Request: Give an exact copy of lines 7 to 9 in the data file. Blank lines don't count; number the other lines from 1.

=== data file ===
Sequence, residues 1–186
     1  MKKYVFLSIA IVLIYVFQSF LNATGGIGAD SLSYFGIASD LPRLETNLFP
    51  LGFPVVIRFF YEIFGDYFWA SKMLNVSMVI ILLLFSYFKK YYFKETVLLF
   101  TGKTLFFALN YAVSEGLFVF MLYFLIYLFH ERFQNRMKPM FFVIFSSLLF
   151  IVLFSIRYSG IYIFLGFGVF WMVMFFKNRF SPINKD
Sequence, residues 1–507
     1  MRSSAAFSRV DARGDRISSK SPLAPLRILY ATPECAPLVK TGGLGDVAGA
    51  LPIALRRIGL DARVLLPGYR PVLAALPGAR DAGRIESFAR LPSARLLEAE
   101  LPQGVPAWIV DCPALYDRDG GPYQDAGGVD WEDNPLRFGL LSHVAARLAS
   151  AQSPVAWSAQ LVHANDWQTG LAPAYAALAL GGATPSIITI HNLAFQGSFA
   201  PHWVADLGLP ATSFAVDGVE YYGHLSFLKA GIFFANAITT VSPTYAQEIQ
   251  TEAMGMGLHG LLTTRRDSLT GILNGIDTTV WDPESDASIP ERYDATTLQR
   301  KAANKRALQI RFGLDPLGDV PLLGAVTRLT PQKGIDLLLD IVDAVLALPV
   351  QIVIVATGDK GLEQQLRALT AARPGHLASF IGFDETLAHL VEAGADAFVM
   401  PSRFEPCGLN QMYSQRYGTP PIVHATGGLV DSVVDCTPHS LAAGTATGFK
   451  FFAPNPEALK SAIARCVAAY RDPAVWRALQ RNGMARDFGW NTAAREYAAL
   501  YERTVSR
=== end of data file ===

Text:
     1  MRSSAAFSRV DARGDRISSK SPLAPLRILY ATPECAPLVK TGGLGDVAGA
    51  LPIALRRIGL DARVLLPGYR PVLAALPGAR DAGRIESFAR LPSARLLEAE
   101  LPQGVPAWIV DCPALYDRDG GPYQDAGGVD WEDNPLRFGL LSHVAARLAS